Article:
Federal lawsuit contends deceptive marketing

By Jason Arndt

When the state Department of Health Services revealed Kenosha County ranked No. 1 in heroin-related deaths in Wisconsin, according to a recent study, county agencies acknowledged the need to address the epidemic in all levels of government.

While the county received a state grant to fund Narcan for local agencies, and a federal grant to bolster treatment programs this year, the opioid epidemic has put a strain on county health and law enforcement resources.

Kimberly Breunig

The Kenosha County Board acknowledged the strain of resources, which led to its decision to join other Wisconsin counties in a federal lawsuit against pharmaceutical companies, according to a filing in U.S. District Court by Crueger Dickinson LLC.

Crueger Dickinson LLC, of Whitefish Bay, is one of three law firms filing the lawsuit on behalf of the involved counties.

The other two are von Briesen and Roper, S.C., along with Simmons, Hanley, Conroy LLC.

Kenosha County Board Chairwoman Kimberly Breunig, of Trevor, said the lawsuit comes at no cost to taxpayers.

“The county entered into an agreement that has no financial burden to the county. Our corporation counsel vetted the agreement to make sure there would be no adverse affect on the county or its residents,” Breunig said.

Manufacturers listed in complaint are Purdue Pharma, Johnson & Johnson, Endo Health Solutions, Inc. and their subsidiaries.

The lawsuit alleges makers of prescription painkillers misled the public through deceptive marketing campaigns, to which it attributes the nation’s opioid overdose epidemic.

Additionally, the complaint contends drug manufacturers knew about the dangers of painkillers, but opted not to disclose the side effects to boost their profit margin.

Kenosha County, like the other 47 Wisconsin counties involved in the suit, seeks financial compensation from the defendants listed on the document for cost of services, like rescue and emergency calls, law enforcement intervention and court proceedings caused by the opioid epidemic.

“If information is brought forth to prove that pharmaceutical companies and individuals misled any of our physicians on the effects of certain drugs, we need to hold them accountable for their part in the epidemic,” Breunig said.

According to a resolution passed by the Kenosha County Board at a Nov. 7 meeting, the three law firms will assume full costs of the lawsuit, and if they win, would receive 25 percent of the total award with the rest going to the plaintiffs.

Kenosha mirrors national epidemic
In the 75-page court filing, the lawsuit contends Kenosha County and the state are not immune to the national crisis.

“In 2015, the majority of opioid-related deaths in Wisconsin involved prescription opioids,” the lawsuit states. “Indeed, the number of Wisconsin citizens who die as a result of drug overdoses now exceeds the number of those who die from motor vehicle crashes, as well as suicide, breast cancer, colon cancer, firearms, influenza, or HIV.”

From 2013 until 2015, Kenosha County reported 103 people died from opiate overdoses. In 2016, the county said there were 35 overdose deaths.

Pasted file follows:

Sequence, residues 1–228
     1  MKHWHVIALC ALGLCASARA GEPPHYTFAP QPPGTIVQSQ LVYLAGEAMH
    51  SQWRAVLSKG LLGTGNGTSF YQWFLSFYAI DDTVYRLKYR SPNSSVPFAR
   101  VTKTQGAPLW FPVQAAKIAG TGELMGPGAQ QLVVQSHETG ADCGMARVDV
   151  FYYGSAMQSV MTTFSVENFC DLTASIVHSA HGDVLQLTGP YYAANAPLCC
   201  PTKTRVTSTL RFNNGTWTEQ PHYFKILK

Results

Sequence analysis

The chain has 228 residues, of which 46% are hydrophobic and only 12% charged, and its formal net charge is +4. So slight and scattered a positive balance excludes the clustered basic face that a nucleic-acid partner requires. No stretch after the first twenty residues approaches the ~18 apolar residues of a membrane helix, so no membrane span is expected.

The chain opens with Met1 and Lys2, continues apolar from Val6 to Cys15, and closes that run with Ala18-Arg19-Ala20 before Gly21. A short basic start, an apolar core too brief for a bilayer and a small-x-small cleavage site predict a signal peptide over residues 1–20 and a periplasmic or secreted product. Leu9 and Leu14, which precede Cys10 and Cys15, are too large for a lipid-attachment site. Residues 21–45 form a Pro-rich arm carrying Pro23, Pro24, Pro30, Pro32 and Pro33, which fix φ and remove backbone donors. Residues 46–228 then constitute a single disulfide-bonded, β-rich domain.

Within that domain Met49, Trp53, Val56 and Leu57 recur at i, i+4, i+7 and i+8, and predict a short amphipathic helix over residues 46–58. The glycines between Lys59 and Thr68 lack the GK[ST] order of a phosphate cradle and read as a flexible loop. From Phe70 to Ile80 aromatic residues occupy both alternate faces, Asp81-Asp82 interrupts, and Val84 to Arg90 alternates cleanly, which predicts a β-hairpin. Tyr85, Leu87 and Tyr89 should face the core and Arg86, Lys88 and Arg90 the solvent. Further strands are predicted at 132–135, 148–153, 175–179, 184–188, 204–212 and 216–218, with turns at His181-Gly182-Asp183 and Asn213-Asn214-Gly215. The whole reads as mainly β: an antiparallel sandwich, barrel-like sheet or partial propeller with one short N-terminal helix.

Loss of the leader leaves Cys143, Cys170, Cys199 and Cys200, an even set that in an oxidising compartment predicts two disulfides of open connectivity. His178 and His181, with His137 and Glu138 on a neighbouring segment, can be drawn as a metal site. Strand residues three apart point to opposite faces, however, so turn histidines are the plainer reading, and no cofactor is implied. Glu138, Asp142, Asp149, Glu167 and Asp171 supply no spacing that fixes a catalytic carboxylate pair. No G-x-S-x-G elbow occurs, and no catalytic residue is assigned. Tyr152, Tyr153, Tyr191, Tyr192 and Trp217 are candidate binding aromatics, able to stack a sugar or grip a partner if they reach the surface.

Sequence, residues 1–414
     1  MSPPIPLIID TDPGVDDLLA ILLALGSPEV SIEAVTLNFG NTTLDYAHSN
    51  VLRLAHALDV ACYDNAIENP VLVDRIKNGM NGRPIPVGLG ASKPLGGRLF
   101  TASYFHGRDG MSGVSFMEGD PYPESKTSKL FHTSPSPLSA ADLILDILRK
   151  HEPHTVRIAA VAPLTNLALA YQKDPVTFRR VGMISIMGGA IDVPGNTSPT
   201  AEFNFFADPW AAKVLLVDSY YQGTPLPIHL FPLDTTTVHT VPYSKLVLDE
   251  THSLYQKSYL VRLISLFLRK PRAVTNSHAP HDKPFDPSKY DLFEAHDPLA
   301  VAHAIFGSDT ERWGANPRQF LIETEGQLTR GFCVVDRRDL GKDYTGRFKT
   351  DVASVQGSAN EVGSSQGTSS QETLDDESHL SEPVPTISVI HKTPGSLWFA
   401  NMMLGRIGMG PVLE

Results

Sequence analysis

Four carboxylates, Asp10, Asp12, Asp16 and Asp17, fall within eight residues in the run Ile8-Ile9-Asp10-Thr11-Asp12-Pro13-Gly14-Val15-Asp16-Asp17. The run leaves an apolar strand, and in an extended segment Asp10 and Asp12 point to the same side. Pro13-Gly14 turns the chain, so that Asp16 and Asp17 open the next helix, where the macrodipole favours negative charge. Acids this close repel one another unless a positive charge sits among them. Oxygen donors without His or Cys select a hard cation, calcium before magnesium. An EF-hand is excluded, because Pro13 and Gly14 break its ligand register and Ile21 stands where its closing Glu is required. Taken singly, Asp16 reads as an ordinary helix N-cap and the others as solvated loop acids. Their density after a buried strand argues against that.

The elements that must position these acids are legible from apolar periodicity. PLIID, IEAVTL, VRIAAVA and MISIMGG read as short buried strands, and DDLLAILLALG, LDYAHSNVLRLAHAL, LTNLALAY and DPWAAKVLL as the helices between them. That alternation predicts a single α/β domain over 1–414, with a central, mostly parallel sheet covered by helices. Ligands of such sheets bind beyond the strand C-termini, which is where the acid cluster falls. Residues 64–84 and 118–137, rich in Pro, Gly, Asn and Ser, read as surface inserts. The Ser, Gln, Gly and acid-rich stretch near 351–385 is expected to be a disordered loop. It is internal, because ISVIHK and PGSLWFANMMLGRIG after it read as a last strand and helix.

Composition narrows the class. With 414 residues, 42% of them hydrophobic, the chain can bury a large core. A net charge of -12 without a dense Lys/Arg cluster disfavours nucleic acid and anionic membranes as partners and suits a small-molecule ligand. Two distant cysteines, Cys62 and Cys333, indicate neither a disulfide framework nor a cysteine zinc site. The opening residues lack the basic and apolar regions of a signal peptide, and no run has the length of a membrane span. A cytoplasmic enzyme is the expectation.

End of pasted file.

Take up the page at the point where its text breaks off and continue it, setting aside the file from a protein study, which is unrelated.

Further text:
While the Kenosha County Medical Examiner’s Office reported an uptick in overdoses, there was an increase in cases at local emergency rooms, the lawsuit states.

The lawsuit alleges 248 hospital encounters related to opioid poisoning happened from 2012 through 2014.

Hospitalizations grew exponentially in 2016, when 979 Kenosha County residents or visitors went to the emergency room for opioid-related reasons, according to the lawsuit.

Breunig, who said the board recognized the epidemic, started discussions with local law enforcement agencies and health officials related to overdoses when problems grew.

“The County Board has been having discussions with Human Services, Sheriff’s Department and District Attorney for about 2 to 3 years, knowing that the epidemic was getting worse in the county,” Breunig said.

“The board began recognizing the problem when Robert Zapf was the DA, but we didn’t know what could be done.”

After Zapf did not seek re-election, former Deputy District Attorney Michael Graveley was voted in as the new district attorney, which expedited the process, according to Breunig.

“That is where the bill of credit lies,” she said.

With support from the District Attorney’s Office, in addition to help from Human Services, the County Board began to develop a clearer vision for the solution.

Lawsuit examined in September
While the board had the support of local officials, it discovered another solution in September, when several county supervisors attended a Wisconsin Counties Association conference in the Wisconsin Dells.

One of the presentations, according to Breunig, was the possible statewide lawsuit against drug manufacturers.

Breunig, who attended the presentation with supervisors Boyd Frederick, Jeff Wamboldt and Andy Berg, learned the lawsuit mirrors a filing against tobacco companies years earlier.

Unlike the tobacco settlement, where only states saw benefits, the drug lawsuit seeks to benefit each county involved.

“In order for the counties to benefit from any lawsuit, we would need to enter into it ourselves,” Breunig said.

According to Wisconsin Public Radio, about two-thirds of Wisconsin counties have joined the lawsuit.


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